Two more animals: The coyote is on the hunt. You can see that he is focused in his eyes. While the parrot, is just being colorful and beautiful.
Burrowing owls are very small, but their eyes are big in comparison. Is he flashing a do not disturb sign with those eyes?
I don’t capture enough candid portraits of people. Here are two that tell different stories. The first gentleman was sitting on a bridge bench. His glasses hide the despair in his eyes, but his body language speaks. The woman is taking a break at the Pirate Festival. Her eyes are narrowed and relaxed. To me she’s reflecting on a good day of fun.
Another of my favorites is this flamingo trying to sleep at the Sacramento Zoo. What is he trying to tell me as I snap his picture?
A dog’s eyes are a true reflection of what he/she is thinking. I think he/she wants attention. What do you think?
Eye focus equals communication. At Toastmasters we teach “eye contact.” Look directly into your audience’s eyes. You can tell immediately whether or not your message is reaching them.
Thank you Tina for this wonderful eye opening topic. Remember to link your reply to her post. Next week we begin our tradition of summer guest hosts during July. Next week Aletta Crouse of Now at Home will focus onTreasures. Be sure to look for her post.
If you’re dreaming of a wedding set in the country, Pheasant Trek at Dunnigan Hills may be the place for you. A working ranch of olive groves and vineyards, Pheasant Trek, in Yolo County, mostly bills itself as a wedding and event destination. We were invited there through the Yolo Arts and Ag Project.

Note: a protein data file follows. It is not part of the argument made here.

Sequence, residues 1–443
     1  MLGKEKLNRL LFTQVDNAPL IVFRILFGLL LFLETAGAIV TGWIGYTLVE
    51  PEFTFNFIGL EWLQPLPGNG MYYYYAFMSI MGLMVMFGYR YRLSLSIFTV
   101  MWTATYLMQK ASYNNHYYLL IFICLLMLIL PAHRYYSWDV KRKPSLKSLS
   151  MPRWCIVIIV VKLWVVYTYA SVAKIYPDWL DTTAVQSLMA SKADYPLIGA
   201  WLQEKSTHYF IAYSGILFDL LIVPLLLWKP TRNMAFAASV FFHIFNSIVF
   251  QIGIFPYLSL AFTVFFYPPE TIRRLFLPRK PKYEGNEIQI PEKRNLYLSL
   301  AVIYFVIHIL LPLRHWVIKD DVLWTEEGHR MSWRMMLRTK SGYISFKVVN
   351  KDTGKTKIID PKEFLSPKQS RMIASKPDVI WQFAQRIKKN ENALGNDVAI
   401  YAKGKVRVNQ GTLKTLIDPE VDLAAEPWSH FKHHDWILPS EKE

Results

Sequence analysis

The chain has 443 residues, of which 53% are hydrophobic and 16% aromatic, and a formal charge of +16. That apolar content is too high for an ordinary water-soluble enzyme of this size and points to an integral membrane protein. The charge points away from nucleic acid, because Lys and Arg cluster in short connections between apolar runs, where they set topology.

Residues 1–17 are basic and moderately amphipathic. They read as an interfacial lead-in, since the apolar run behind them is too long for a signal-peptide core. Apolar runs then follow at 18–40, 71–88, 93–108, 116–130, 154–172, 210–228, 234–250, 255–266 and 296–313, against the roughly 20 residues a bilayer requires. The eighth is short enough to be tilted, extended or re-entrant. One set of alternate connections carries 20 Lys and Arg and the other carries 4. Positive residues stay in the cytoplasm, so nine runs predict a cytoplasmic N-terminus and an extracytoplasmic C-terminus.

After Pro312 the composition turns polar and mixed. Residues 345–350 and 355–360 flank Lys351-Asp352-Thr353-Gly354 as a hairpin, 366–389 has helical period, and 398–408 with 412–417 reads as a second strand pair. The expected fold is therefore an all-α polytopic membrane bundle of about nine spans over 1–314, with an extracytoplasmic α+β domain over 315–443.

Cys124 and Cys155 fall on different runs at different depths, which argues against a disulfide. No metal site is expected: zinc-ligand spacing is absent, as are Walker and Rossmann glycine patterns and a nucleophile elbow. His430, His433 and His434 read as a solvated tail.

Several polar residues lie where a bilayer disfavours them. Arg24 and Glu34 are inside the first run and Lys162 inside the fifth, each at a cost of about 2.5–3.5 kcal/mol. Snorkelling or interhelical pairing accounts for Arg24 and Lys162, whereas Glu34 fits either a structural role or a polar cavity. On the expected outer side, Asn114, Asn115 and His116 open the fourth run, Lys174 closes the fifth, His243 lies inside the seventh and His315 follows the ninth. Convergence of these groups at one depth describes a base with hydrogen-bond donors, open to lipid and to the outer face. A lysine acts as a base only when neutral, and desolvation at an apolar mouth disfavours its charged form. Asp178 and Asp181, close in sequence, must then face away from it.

On the way there we stopped to catch this scene and more.
The actual ranch consisted of buildings, a barn, a water tower converted into a bridal dressing room, an enclosure for a cow and two donkeys. Here are some of the buildings seen from the central part of the ranch.
Here are the animals.
I walked around to the back of the ranch and found these.
Yes, I was a little disappointed, but there was enough to photograph and keep me busy. I’m wondering what Yolo Arts and Ag has in store for us in July? Really, I’m very appreciative that we are allowed to photograph in these venues.
I dug deep into my archives to find images for Sylvia’s (My Colorful Expressions) challenge. I just wanted to see what my earliest photos looked liked. And this is what I found: little or no editing, lots of HDR, and hardly any cropping. Through Sylvia’s challenge, I could see how much I’ve learned.
When I started photography, HDR was the BIG thing. That’s the reason I moved up from the Nikon D3100 to the D7100. The D3100 didn’t do auto bracketing. Looking at the photos, I can see that NIK Color Efex does a much better job of creating that type of image.
I love to photograph doorways and doors. The more rustic the better. And if the door is red, wow! Anyway, here they are, photos from 2014 and 2015. I did a small amount of editing. I just couldn’t help myself!
I’ll end with this barn at Gibson Ranch. The sun was situated just right to shine through the open doors. Oh, yes, it’s red!